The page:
My little girl is due for her final check with the Maternal & Child Health Nurse next month, when she'll be three-and-a-half. I won't be taking her.
At all her baby checks we talked about how beautifully chubby she was. How healthy and clever and gorgeous and wonderful... all the usual gushy mother stuff. Then when she turned two, the conversation turned suddenly - to body mass indexes and obesity. A two-year-old. TWO!
Sure, she was still chubby. Yes, she was still above average in her weight (and also height, but that was never mentioned). Not once was I asked about her diet or activities or lifestyle. It was straight to the talk of BMI.
At the time, many people told me I was silly to have a problem with that. They're just trying to do their best to ensure obesity levels reduce, they'd say. Mums need to know this stuff.
I disagreed, and I still do.
By talking this way, the message is that we should be raising skinny kids. Not healthy, happy, intelligent, well-rounded (in life skills, I mean!) kids. Skinny.
They're saying it isn't important that my daughter has a balanced diet, that she's the healthiest child ever, that she's so active she'll walk anywhere with us, or that she's the happiest kid in the history of kids. They're saying they've forgotten what mums for hundreds of years have known: that a little chubbiness in a baby, toddler or child will set them up well for a good growth spurt. They're saying that being skinny would have been better than any of that.
I checked the graph in the health book the other day. I put my little girl's current weight and height into it, and when I saw that she's still in the 'above average' weight bracket, I made the decision not to take her for the check. (Although you should know that if I had any health concerns I'd take her to our family doctor; any developmental concerns and I'd be having those seen to as well.) I just don't want to have the conversation.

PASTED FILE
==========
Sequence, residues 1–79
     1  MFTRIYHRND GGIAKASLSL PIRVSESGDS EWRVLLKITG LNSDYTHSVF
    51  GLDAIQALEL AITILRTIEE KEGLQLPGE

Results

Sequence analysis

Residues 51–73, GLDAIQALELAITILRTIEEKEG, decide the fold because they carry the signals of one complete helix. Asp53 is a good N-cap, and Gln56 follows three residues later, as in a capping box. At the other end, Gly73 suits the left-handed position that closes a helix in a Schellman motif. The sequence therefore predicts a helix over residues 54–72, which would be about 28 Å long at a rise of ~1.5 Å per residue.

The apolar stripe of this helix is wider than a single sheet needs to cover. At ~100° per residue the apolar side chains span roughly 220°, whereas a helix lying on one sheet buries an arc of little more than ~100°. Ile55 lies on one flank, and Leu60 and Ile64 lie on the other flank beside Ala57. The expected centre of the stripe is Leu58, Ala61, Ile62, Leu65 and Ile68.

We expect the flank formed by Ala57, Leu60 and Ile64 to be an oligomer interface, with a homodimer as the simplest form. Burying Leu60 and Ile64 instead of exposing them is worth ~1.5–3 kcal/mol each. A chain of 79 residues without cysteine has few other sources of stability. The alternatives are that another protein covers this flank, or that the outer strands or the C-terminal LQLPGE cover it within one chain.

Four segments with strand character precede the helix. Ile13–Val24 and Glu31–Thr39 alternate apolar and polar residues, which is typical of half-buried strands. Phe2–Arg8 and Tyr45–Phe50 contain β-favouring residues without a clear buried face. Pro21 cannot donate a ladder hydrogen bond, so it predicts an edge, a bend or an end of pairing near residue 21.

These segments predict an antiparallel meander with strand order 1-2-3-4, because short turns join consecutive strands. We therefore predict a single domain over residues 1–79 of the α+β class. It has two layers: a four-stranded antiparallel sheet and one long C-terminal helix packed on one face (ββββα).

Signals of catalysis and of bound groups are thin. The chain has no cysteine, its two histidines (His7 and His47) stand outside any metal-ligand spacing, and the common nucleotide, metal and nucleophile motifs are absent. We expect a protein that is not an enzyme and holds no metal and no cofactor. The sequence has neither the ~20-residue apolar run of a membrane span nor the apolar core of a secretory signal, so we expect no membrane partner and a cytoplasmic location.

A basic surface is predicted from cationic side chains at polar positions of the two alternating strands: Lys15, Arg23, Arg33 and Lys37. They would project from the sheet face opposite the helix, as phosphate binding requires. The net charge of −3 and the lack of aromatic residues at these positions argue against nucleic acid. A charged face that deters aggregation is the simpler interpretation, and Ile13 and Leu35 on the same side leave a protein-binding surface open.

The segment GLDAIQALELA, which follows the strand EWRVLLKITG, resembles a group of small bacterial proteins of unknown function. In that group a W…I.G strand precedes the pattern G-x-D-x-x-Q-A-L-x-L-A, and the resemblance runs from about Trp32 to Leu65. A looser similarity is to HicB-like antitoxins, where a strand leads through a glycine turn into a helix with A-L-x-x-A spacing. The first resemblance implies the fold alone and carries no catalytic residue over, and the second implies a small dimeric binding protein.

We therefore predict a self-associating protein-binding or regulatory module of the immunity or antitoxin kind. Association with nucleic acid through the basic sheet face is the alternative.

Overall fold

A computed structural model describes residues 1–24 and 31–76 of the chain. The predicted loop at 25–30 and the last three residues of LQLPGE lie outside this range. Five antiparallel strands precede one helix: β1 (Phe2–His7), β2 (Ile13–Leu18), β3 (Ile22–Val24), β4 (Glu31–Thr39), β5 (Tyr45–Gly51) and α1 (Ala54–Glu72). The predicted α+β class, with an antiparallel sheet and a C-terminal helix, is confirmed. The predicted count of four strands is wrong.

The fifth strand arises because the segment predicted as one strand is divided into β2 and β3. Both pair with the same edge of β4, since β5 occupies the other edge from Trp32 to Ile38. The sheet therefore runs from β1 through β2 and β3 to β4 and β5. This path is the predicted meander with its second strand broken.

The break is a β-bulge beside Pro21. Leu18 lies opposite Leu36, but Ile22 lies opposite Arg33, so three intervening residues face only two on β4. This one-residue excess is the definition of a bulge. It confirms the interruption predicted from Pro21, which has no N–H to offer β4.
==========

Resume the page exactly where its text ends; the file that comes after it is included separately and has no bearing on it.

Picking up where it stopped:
I don't think that a three-year-old needs to hear about her weight either. What she needs to hear are the things I tell her every day: that she's clever and kind and funny and beautiful. That we love her. That's it. It's our job as parents to monitor her health and happiness. It's her role as a kid to just have fun.
It scares me so much, that this focus on anti-obesity is turning so far the other way that weight is the foremost issue in people's minds. That's scary stuff. You think body image for young girls has been bad in the past? Wait for our kids to hit that age.
When I was about eight, I started worrying about my size. And I can tell you with absolute certainty that if anyone had spoken to me about diets or obesity or that fat equals bad, I would have plunged into some dark places. Of course, if there are health concerns they need to be addressed, for kids and adults alike, but let's focus on that keyword: HEALTH. Not how we look.
I recently had a chat to an eleven-year-old girl who told me she was on a diet. I gave her my usual anti-diet rant, and I told her she's perfect. (I also told her that if anyone ever tells her she's fat, to tell me and I'd beat them up. Before realising I'd just promoted violence. Ah well, you can't win them all.) I hope that she not only believes me, but hears it from so many people that she'll have no choice but to believe it.
That's what kids need to hear - from mums, dads, aunties, friends, everyone.
So the next child you see, please tell them how 'just right' they are. In a confusing world that's obsessed with so many things, they need some positivity.